Feb. 12, 1924.- 1,483,124
R. C. SIMMONS HEEL BUILDING MACHINE Filed Nov. 4, 1918 Sheets-Sheet 1 M- Q N Eeb' 9 N @Ev R C SIMMONS HEEL BUILDING MACHINE Filed Nov. 4, 1918 Feb. 12, 1924; 1,483,124
R. C. SIMMONS HEEL BUILDING MACHINE Fj 'led Nov. 4, 191a 5 Shets-Sheet 5 a; I I 5' Z0 k m Feb. 12, 1924.- 1,483,124
R. C. SIMMONS HEEL BUlLDlNG MACHINE Filed Nov. 4, 1918 5 Sheets-Sheet 4 I l l l I l I l R. C. SIMMONS HEEL BUILDING MACHINE Feb. 12, 1924; 1,483,124
Filed Nov. 4, 1918 5 sheets -s heet 5 Patented Feb. 12, 1924.
UNITED STATES PATET OFFICE.
i RALPH C. SIMMONS, OF BEVERLY, MASSACHUSETTS, ASSIGNOR T UNITED SHOE MA- CHINERY CORPORATION, OF PATERSON, NEW JERSEY, A CORPORATION OF NEW JERSEY.
Application filed November 4, 1918.
To all w ham it may concern Be it known that I, RA PH C. SIMMONS,
a citizen of the United States, residing at Beverly, in the county of Essex and State of Massachusetts, have invented certain Improvements in Heel-Building Machines, of which the following description, in connec tion with the accompanying drawings, is'a specification, like reference characters on the drawings indicating like parts in the several figures.
This invention relates to heel building machines and, more particularly, to thatclass of machines which are adapted to form a heel or part of a heel from a series of lifts died out of leather, leatherboard or equivalent sheet material.
The vast majority of heels made commercially are built up from lifts assembled manually in a heel shaped cup or form in a machine constructed to drive one or more nails through the lifts to secure them to gether. So-called heel building machines of this type are inexpensive and are simple in construction and operation but, inasmuch as the element of hand labor enters so largely into their use, the amount of work produced by an operative in a day is quite limited and, with increasing wages, the'labor cost has come to be a serious item in the manufacture of heels by this process.
Recently', automatic heel building machinery has been developed, which tremendously increases the speed of production but this machinery is of necessity so complicated in construction, sensitive in operation and expensive to build, that it is economical for use only in large factories where considerable quantities of heels of one size and style are 40 built atone time.
As an outcome of the conditions above outlined, a machine was developed which might be described as semi-automatic, inasmuch as the operations of producing the lifts from thesources of supply, pasting them and collecting them in a heel pile are performed by mechanical means partly actuated by power.
Machines of this type may be constructed at much less expense and are simpler in operation than the completely automatic machine, while at the same time the productive capacity of the operative is largely increased as compared with the ordinary system employing the hand method of assembling the greater increase in the amount of work pro- Serial No. 260,996.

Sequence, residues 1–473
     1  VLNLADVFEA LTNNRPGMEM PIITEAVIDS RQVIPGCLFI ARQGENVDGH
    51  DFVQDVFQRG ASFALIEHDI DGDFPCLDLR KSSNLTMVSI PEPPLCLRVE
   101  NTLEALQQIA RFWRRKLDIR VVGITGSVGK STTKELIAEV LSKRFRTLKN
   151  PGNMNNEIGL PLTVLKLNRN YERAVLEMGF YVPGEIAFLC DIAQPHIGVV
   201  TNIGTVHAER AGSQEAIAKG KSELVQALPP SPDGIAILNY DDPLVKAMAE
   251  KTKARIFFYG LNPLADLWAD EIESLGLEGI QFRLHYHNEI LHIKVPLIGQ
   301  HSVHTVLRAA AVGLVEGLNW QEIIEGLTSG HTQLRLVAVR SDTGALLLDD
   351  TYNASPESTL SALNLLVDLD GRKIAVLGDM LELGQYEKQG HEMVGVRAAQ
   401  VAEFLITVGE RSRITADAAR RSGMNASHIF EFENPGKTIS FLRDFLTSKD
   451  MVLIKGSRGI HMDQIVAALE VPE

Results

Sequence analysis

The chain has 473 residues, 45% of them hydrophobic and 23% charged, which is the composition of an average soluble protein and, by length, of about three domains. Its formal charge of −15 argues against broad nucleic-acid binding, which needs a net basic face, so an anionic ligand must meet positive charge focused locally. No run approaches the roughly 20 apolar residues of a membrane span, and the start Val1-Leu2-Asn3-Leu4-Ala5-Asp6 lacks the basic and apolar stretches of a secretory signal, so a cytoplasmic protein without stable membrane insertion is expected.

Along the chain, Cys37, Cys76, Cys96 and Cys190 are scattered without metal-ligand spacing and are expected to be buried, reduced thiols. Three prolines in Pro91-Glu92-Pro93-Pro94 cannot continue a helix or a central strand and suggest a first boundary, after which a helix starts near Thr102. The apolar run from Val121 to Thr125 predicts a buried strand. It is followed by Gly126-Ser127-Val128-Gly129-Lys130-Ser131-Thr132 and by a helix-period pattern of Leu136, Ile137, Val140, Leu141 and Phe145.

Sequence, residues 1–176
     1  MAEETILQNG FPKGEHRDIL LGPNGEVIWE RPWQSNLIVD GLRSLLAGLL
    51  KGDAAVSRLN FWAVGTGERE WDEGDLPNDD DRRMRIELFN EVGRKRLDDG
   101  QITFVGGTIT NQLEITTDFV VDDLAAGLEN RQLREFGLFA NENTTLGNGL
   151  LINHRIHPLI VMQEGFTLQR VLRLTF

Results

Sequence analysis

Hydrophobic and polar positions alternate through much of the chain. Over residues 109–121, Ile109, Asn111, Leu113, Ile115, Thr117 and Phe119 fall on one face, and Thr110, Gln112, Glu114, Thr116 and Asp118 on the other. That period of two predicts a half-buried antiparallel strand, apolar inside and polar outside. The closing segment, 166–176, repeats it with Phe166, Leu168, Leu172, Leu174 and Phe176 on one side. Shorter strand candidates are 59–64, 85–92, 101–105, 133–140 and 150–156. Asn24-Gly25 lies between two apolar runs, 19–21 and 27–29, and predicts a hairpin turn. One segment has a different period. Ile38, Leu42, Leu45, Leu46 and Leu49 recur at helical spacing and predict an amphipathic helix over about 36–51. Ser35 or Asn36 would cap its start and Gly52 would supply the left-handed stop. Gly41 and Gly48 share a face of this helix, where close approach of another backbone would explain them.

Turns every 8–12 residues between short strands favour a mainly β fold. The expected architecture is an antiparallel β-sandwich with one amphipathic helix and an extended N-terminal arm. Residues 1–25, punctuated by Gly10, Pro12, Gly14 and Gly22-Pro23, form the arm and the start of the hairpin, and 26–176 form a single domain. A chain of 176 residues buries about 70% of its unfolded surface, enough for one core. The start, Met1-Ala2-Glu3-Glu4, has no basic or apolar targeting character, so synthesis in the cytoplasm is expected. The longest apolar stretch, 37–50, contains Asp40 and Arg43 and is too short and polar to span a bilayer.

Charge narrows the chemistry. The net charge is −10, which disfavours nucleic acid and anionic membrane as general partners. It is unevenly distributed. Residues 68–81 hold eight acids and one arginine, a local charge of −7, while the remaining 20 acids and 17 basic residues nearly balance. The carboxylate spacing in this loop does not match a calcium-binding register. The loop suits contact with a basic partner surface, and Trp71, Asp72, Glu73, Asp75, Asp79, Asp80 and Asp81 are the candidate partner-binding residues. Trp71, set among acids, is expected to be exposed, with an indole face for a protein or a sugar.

lifts. This machine forms the subject-matter of my copending application for patent Serial No. 219,598, filed Feb. 28, 1918. The present invention is in the nature of a development of, and improvement upon, the machine disclosed in that application.
The object of the present invention is to produce a machine of the general character indicated which shall make possible a still duced by an operative, and at the same time to keep the cost of constructing the machine within reasonable limits and to secure the greatest possible simplicity in operation.
With this object in View, an important 7 feature of the invention consists in the pro- VlSlOIl, in combination with means for producing a series of lifts suflicient to form a heel pile, of a movable carrier upon which the lifts aredeposited simultaneously in a row and which then operates, in a single movement, to deliver the lifts serially to, and assemble them in, a receiver or heel form where they are piled one upon another to form the required heel blank. Both the lift producing mechanism and the carrier may advantageously be operated by power and may be sufficiently automatic in operation not to require attention on the part of the operative. Means is preferably provided for pressing and securing the lifts together in the heel form, and another feature of the invention consists in so organizing this means in relation to the lift carrier that the movement of the carrier is controlled by it, with the consequent advantage that the operative can give her undivided attention to the pressing and securing together of the lifts and the removal of the completed blanks. By relieving the operative of the necessity of attending to the assembling of the lifts, she is enabled, with the same effort, .to produce a considerably increased amount of Work in a given time.
The carrier, upon which the lifts are deton posited, and by which they are collected, is preferably uni-directional and can conveniently take the form of an endless belt arranged to run in a path parallel to a series of magazines, from which the lifts are pro- 10:; duced and deposited upon the belt.